Another famous demonstration of our irrational decision-making strategies is the phenomenon termed the endowment effect—the tendency of human decision makers to systematically overvalue objects that they own over objects that they do not yet own. In one of the most famous demonstrations of this effect, Kahneman et al. (1990) gave human participants a new object (e.g. a mug) and then offered them the chance to sell this object or trade it for an equally priced alternative good (e.g. a set of pens). Kahneman and colleagues observed that participants consistently refuse to trade their owned object and demanded approximately twice as much money to sell the object as buyers were willing to pay to obtain the object. As this and many other similar studies have demonstrated (Kahneman et al. 1991), human decision makers appear to value an object differently after they have become its owner. Since these initial studies, the endowment effect has standardly been observed in a variety of situations, both in the laboratory and in the field (e.g. Thaler 1980; Kahneman et al. 1991; Johnson et al. 1993; Franciosi et al. 1996).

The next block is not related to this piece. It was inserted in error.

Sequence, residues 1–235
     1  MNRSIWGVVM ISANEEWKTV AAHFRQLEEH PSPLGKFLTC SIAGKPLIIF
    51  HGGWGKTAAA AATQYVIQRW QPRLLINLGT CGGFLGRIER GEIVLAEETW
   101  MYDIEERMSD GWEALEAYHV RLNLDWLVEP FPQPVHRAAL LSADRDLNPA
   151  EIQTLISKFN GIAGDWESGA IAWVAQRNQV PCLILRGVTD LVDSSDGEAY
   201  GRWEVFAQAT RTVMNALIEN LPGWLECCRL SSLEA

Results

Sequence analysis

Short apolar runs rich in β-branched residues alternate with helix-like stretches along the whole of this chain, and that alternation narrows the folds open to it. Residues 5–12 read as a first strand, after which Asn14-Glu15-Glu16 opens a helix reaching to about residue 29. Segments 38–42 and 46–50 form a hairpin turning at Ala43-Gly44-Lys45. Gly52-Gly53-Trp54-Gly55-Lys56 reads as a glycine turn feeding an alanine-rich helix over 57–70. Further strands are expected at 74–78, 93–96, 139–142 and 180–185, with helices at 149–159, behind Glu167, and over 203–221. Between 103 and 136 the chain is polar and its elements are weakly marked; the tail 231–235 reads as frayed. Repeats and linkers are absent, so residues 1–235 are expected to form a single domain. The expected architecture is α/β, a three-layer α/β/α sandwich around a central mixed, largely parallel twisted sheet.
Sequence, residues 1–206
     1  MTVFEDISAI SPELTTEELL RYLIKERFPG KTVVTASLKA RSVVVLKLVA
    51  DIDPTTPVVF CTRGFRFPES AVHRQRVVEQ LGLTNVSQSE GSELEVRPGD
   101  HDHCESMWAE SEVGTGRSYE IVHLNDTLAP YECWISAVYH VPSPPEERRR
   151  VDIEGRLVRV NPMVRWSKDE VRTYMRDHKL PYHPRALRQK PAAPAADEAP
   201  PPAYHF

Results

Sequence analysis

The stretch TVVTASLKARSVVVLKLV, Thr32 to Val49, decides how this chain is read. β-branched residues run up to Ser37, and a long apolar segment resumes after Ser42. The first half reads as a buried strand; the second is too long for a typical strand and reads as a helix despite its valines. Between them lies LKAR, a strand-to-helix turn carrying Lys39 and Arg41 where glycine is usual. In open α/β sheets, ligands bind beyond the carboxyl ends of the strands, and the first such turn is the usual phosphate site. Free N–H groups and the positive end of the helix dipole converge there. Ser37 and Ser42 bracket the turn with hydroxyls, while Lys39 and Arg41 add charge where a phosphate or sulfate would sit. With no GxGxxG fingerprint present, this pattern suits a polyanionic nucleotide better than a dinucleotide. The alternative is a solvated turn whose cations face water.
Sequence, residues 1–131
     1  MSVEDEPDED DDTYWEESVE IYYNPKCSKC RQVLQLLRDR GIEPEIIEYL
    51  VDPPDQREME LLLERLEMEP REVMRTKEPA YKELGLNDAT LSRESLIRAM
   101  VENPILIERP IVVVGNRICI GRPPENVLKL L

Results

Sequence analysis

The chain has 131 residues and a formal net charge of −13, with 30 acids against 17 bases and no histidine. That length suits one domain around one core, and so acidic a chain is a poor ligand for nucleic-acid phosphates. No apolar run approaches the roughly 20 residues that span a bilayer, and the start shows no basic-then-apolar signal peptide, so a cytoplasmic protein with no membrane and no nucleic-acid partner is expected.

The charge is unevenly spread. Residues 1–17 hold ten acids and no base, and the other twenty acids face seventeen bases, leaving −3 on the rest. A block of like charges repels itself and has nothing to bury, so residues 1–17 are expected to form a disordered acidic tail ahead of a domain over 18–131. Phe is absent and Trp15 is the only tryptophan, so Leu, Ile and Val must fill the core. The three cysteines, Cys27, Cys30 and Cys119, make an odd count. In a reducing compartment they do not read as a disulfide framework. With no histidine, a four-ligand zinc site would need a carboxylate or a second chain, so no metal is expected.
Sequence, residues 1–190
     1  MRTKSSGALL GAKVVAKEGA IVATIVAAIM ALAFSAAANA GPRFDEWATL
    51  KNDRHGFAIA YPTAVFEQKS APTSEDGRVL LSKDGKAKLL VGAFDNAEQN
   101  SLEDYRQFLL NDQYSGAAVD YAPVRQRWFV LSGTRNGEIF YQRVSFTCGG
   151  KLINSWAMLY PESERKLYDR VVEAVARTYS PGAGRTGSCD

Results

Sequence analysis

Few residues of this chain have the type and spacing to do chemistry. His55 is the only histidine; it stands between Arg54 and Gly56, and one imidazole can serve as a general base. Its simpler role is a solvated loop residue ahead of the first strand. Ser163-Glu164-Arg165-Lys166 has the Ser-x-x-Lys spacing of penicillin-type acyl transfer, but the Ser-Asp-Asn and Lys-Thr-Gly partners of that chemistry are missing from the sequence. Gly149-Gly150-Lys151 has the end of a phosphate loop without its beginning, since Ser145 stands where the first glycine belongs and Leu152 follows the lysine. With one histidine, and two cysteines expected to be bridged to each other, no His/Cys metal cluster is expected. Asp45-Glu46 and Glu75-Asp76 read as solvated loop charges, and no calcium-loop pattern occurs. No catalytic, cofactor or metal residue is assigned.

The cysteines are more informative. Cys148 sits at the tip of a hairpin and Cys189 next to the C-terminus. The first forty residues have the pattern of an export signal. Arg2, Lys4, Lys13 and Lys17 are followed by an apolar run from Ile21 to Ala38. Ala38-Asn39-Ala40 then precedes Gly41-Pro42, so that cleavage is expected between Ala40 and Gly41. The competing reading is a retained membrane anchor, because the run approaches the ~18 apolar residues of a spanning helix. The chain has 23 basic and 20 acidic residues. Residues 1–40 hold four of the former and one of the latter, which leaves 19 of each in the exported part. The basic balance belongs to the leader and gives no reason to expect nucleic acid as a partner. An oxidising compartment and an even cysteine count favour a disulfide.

(a) The origins of the endowment effect and other economic biases
Economists commonly consider the endowment effect and other behavioural biases to be violations of standard rational choice theory. In the case of the endowment effect, for example, rational decision makers should be indifferent between keeping the item they currently have and swapping it for an equally valued item. Nevertheless, real decision-makers' preferences appear to be heavily influenced by ownership in a variety of situations. In addition, the endowment effect (and possibly other behavioural biases, see Santos & Lakshminarayanan 2008) appears to emerge in the absence of much experience. Harbaugh et al. (2001) were the first to explore whether children also place a higher value on objects they own over objects they do not yet own. They endowed 6-, 8- and 10-year-old children with a toy and allowed them to trade the toy for an alternative toy that was equal in value. Children showed an endowment effect just as adult participants (e.g. Kahneman et al. 1990); they were reluctant to trade an object that they owned for an equally valued alternative. This study and others suggest that behavioural biases such as the endowment of effect can emerge in the absence of much market experience.